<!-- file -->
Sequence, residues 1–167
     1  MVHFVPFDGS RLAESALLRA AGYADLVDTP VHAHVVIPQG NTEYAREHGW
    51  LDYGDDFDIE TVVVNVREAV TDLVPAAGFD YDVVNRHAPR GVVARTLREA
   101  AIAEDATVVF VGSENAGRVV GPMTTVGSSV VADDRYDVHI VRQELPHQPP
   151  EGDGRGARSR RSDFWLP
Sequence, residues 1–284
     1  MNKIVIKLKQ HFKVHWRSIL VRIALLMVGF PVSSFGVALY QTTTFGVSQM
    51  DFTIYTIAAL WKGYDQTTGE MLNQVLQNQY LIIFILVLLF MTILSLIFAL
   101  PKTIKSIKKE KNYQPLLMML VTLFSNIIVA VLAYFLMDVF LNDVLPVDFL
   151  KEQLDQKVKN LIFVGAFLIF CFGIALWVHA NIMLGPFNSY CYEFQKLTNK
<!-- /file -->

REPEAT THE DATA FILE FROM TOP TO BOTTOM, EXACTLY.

Sequence, residues 1–167
     1  MVHFVPFDGS RLAESALLRA AGYADLVDTP VHAHVVIPQG NTEYAREHGW
    51  LDYGDDFDIE TVVVNVREAV TDLVPAAGFD YDVVNRHAPR GVVARTLREA
   101  AIAEDATVVF VGSENAGRVV GPMTTVGSSV VADDRYDVHI VRQELPHQPP
   151  EGDGRGARSR RSDFWLP
Sequence, residues 1–284
     1  MNKIVIKLKQ HFKVHWRSIL VRIALLMVGF PVSSFGVALY QTTTFGVSQM
    51  DFTIYTIAAL WKGYDQTTGE MLNQVLQNQY LIIFILVLLF MTILSLIFAL
   101  PKTIKSIKKE KNYQPLLMML VTLFSNIIVA VLAYFLMDVF LNDVLPVDFL
   151  KEQLDQKVKN LIFVGAFLIF CFGIALWVHA NIMLGPFNSY CYEFQKLTNK